Skills & Training

Protecting brand reputation – tips for success

By Ruari McCallion

March 2016

Reputations and brand names are valuable but they can become tarnished in a moment.

Ruari McCallion reports on how to put structures in place to build, manage and protect a business’ good name.

Brand reputation is a difficult asset to value. People know it is worth something – especially the salesforce! A good reputation makes it easier to do business. It will have a positive impact on share price, in the case of a public company, and on the ease with which finance can be raised, from banks, the stockmarket or other sources. Credit terms, supplier confidence and partner collaboration all run more smoothly when a business is viewed in a good light. So, how much is it worth? As no accountant has yet come up with a way of putting reputation on a balance sheet it could be the very definition of ‘priceless’. How do you build it and how do you look after it?

It is vitally important that any company puts in place a set of standards and procedures to ensure that its reputation is managed effectively and professionally, during good times and bad.

When things are going well, the head of the company (MD, CEO, Chairman, Senior Partner) will be available to journalists and eager to talk about good news. In good times, the company has time to consider and design a communications campaign and to deliver it in the right way, reaching out to the connections that are expected to be the most receptive. Maybe your communications team has spent time nurturing the contacts and building the relationships. A tried, trusted and established group of specialists may have been established, both inside and out, and they will all know their roles and responsibilities. This is regardless of the size of the organisation. Even a small company can and should employ public relations professionals, on a contracted or retainer basis. If a reputation is priceless, it is worth investing a little in nurturing and protecting it.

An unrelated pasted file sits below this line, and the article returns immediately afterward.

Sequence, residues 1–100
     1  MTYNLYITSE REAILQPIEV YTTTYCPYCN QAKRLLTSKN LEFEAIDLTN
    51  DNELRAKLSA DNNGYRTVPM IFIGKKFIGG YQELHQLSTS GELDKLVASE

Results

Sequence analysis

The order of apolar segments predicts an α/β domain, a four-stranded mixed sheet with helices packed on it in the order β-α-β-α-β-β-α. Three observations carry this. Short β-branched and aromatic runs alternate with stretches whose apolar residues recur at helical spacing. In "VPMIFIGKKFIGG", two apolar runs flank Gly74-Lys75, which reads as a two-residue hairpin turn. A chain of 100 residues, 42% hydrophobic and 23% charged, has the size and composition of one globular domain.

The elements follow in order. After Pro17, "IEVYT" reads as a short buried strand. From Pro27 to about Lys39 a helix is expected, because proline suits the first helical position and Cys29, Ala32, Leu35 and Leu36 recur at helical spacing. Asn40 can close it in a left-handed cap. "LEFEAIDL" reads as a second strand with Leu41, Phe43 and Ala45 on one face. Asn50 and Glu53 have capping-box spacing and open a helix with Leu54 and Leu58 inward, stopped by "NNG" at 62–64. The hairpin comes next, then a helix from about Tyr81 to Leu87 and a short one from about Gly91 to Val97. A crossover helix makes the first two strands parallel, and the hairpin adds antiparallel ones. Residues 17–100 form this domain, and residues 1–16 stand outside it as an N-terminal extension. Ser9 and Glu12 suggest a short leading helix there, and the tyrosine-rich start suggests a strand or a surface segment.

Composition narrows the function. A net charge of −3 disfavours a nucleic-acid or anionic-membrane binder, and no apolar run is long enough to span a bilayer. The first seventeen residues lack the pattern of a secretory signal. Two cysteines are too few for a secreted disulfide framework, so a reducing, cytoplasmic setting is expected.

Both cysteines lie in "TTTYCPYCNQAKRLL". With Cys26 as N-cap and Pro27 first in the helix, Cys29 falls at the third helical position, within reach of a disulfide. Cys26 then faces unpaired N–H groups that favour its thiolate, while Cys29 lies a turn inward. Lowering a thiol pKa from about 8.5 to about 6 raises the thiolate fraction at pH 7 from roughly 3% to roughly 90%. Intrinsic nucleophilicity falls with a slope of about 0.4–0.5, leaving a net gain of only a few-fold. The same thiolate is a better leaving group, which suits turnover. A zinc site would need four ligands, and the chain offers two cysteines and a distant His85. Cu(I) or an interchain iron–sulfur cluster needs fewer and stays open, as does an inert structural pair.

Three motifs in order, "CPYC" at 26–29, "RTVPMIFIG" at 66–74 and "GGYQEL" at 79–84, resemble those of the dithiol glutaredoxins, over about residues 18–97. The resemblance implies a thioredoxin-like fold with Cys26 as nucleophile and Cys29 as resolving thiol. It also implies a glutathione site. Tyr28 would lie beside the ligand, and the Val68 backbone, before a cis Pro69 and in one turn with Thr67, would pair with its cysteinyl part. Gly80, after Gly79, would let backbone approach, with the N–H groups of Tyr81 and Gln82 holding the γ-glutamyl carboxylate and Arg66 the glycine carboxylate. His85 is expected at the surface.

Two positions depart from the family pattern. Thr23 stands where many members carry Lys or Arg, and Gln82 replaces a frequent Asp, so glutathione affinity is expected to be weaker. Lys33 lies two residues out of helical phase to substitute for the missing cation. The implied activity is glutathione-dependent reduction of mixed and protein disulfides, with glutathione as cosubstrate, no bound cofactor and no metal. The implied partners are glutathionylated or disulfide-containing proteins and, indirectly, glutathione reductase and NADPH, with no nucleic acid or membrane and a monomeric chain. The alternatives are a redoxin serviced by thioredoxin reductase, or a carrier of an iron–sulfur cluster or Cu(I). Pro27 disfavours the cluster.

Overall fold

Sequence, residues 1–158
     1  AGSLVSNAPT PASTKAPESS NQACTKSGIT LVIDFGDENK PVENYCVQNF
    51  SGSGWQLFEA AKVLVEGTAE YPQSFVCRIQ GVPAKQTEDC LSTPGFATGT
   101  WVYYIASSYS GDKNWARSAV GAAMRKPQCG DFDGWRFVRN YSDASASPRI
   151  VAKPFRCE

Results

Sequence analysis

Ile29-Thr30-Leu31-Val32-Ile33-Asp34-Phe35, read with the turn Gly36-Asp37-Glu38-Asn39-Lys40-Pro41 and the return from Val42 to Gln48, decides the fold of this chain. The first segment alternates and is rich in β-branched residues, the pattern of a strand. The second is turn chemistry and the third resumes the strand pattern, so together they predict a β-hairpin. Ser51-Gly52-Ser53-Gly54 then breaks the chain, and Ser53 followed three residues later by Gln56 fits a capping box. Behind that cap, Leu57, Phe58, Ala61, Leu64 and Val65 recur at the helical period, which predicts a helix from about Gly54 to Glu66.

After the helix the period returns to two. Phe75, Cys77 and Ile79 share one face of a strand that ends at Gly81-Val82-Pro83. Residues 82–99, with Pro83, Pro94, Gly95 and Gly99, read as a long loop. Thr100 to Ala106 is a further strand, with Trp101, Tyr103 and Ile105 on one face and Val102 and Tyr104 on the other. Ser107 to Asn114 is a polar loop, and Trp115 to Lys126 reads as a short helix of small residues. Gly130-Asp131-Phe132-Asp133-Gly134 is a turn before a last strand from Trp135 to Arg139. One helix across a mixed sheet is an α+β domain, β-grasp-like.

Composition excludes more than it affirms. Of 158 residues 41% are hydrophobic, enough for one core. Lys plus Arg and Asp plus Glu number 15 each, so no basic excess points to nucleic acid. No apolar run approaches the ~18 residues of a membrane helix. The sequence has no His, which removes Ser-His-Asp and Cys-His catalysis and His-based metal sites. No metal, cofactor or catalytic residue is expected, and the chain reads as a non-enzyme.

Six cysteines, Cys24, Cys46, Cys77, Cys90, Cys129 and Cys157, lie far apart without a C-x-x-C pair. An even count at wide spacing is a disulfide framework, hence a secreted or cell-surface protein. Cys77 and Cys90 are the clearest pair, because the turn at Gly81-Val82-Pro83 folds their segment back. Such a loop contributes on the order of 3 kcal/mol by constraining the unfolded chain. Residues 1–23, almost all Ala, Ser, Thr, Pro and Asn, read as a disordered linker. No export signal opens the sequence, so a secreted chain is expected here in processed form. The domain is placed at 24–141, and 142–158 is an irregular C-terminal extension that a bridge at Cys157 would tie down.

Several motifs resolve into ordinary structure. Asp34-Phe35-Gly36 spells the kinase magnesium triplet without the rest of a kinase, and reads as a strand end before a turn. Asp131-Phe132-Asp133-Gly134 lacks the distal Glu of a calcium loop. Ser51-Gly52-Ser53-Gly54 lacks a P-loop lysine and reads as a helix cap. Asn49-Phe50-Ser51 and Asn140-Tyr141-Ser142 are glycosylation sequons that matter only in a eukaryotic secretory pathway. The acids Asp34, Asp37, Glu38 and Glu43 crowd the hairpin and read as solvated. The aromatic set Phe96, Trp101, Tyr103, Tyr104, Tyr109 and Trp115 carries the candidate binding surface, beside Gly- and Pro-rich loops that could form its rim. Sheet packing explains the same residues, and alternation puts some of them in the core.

A good reputation can take years to build but it can be destroyed in a moment. Accidents happen – and so do design faults, supplier misperformance and product contamination. The trick in handling crises is to avoid turning dramas into disasters. One way of making things massively worse is denial or attempted cover-up.


Liz Cartwright, MD, Cartwright Communication

We are familiar with recalls from major auto manufacturers and, generally, no-one other than 24-hour news channels gets too excited – with the obvious exceptions of life-threatening incidents, which can include food scares, exploding devices and anything else that would look exciting on camera. Almost as good (as far as news media are concerned) are shots of senior personnel struggling to avoid questions or responding in a manner that makes clear that no-one is in control – because control is everything.

“No two crises are the same and so it’s difficult to give a ‘one-size-fits-all’ solution but, in general, if you have got something wrong then it’s best to take responsibility in media channels,” said Liz Cartwright, MD of Cartwright Communications, a specialist PR agency that has been handling ‘hostile’ media enquiries for more than a decade. “Then say sorry, and look at ways of improving your product or services in the future. If your company is not in the wrong then more careful handling of the situation is required – sometimes involving a knowledge of media law, and confidence to deal with a journalist who won’t take ‘no’ for an answer.”

“No two crises are the same and so it’s difficult to give a ‘one-size-fits-all’ solution but, in general, if you have got something wrong then it’s best to take responsibility in media channels.”